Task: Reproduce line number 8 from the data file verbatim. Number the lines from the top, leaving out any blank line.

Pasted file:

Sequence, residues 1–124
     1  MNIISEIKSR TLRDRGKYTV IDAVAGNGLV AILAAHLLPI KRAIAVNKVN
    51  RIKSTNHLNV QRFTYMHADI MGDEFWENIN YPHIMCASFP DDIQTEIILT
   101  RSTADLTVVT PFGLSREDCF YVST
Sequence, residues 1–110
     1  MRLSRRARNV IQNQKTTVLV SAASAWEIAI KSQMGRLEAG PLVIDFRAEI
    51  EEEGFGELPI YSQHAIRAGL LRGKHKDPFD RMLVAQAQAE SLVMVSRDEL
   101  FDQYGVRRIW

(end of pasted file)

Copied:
   101  FDQYGVRRIW